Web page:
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Public Radio's Environmental News Magazine (follow us on Google News)

Bali Memories

Air Date: Week of

A billboard announcing the UN conference is a back-drop to the morning commute. (Photo: Steve Curwood)

Living on Earth host Steve Curwood reflects on his trip to the UN Climate Change Conference in Bali and finds the U.S. behaved somewhat like an unruly guest at a holiday party.


CURWOOD: Shortly before the holiday season, I folded myself into a succession of airplanes to come home from the UN climate change negotiations in Bali. And I found myself wondering what exactly had been accomplished there.

To be sure, there were breakthrough commitments to pay to preserve tropical rainforests, and to involve the less developed countries. Still, when one of the youngsters in my house asked if the conference means the world is now doing enough to fight global warming, I had to answer ‘no.’

So was Bali all a waste of time? A lot of bali-hoo about nothing? ‘No,’ I said, because all those plenaries, press conferences and pageants were pretty much like the parade of holiday parties going on back home. Aside from party planners, nobody does much of anything at a holiday schmooze, or over the entire holiday season for that matter, except, perhaps to eat and drink more than is wise.

Japanese Environment Minister Ichiro Kamoshita cuts the 10th anniversary cake of the Kyoto Protocol.(Courtesy of Earth Negotiations Bulletin (ENB))

But the joy of the holidays is that we stop business as usual to get together to reaffirm our commitments to each other. We stop to say ‘this is our family, our work group, our little world that really matters and makes life worth living.’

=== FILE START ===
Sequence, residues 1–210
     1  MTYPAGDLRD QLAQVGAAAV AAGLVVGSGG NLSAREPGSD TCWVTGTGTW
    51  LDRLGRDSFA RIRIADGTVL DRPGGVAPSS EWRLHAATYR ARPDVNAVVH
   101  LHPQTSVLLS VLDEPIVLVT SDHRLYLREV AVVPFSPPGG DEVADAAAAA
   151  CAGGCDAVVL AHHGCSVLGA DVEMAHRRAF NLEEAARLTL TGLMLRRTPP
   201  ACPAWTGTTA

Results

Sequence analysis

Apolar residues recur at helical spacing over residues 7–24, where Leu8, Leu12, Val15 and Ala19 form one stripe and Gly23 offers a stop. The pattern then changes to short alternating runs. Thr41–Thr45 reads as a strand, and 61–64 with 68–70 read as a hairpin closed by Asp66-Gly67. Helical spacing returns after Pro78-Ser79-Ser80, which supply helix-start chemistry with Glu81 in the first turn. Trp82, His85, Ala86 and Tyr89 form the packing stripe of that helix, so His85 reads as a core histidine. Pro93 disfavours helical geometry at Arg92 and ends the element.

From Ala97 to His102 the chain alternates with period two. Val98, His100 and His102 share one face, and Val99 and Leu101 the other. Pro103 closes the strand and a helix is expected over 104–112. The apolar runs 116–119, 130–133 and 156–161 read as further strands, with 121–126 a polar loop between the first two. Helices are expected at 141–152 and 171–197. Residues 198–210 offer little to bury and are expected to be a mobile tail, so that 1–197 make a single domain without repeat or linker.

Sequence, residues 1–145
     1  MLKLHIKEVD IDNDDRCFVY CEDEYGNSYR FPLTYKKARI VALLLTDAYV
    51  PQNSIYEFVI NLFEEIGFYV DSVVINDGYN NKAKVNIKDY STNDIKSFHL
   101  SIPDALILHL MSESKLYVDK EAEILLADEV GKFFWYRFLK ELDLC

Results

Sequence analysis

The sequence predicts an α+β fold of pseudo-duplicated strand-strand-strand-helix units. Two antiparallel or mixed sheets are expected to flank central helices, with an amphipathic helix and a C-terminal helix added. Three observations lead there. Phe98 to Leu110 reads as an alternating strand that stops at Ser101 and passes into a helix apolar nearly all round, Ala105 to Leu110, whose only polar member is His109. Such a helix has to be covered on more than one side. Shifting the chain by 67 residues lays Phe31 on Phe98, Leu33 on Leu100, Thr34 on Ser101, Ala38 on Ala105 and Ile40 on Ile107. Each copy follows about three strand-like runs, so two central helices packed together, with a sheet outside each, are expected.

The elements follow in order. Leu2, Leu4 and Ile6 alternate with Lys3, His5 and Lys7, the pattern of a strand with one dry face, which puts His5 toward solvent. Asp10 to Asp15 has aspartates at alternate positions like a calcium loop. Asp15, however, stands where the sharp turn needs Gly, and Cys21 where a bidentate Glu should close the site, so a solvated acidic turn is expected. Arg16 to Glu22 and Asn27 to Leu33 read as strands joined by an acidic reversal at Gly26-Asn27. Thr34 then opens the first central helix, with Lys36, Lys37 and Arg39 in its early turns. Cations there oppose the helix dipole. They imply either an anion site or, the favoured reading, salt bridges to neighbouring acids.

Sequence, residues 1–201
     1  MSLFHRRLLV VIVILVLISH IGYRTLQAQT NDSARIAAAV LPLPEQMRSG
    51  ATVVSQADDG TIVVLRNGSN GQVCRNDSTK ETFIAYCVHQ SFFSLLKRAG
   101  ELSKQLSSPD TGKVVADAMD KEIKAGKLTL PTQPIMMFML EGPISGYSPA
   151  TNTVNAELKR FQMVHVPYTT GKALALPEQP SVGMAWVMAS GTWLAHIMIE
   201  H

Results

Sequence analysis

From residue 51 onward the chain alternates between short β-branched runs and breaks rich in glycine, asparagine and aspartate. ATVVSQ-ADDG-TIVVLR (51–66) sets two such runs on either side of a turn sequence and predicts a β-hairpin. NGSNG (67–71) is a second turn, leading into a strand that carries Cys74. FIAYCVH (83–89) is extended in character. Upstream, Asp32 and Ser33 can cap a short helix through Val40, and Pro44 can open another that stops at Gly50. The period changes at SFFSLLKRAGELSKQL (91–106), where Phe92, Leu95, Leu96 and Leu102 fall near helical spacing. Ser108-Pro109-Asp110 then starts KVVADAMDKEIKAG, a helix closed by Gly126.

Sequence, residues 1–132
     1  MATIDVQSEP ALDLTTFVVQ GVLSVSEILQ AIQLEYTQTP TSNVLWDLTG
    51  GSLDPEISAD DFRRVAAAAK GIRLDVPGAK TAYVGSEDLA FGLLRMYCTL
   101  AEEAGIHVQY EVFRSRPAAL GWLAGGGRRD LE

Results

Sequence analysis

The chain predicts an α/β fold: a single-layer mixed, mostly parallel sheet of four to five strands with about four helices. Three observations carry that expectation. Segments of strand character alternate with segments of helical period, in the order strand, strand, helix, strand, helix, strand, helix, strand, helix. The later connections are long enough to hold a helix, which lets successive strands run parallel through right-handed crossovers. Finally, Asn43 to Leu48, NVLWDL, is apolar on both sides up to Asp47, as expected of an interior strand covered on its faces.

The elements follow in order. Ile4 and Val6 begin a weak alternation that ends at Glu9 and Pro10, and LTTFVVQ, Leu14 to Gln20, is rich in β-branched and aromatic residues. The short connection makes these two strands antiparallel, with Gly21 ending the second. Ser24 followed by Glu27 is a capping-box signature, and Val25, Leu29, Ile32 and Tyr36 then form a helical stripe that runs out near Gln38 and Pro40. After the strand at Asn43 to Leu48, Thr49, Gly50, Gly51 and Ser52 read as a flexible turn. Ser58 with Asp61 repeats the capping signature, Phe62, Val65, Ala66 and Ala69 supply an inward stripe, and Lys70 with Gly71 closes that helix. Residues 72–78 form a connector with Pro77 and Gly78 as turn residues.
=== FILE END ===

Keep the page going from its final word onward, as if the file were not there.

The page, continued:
And of course the message is just the opposite when we don’t attend the gatherings, or even worse, show up, drink too much and start handing out insults. And so it was in Bali at the UN climate conference.

The entire world, or at least 180 or so nations, held a gathering to reaffirm a commitment to fight destructive climate change. In many respects, it was the fanciest—or at least highest-ranking—climate gathering yet.

The U.S. sent two cabinet level officers—a marked step up from the minor bureaucrats who’ve represented us since then Vice President Al Gore went to Kyoto in 1997. The trouble is, the U.S. has since rejected Kyoto and has failed to put anything better in its place.

But for all the higher profile of the U.S. team, it was labeled obstructionist by many—including Nobel laureate Al Gore. And when White House environmental boss James Connaughton whined that the U.S. was prepared to lead but the world had to follow, it was somewhat akin to a bibulous guest knocking over the punch bowl.

Five months after a pioneering world tour from Switzerland to Bali, a solar powered taxi has arrived at the UN Climate Change Conference. (Courtesy of Earth Negotiations Bulletin (ENB))

Still, rather than getting tossed out by the scruff of the neck, the U.S. was more or less gracefully bundled into a cab with a document that commits the world to fighting climate change, even if it is a bit vague on the numbers.

It reminded me of George Bush’s declaration a couple of years ago that we are addicted to oil. Now to kick the habit, you need good friends to get you into rehab. So yes, something did happen in Bali. Our friends and neighbors refused to be cowed for a change, and called us on our denial. And that is real progress.



United Nations Framework Convention on Climate Change- Bali, 3 - 14 December 2007


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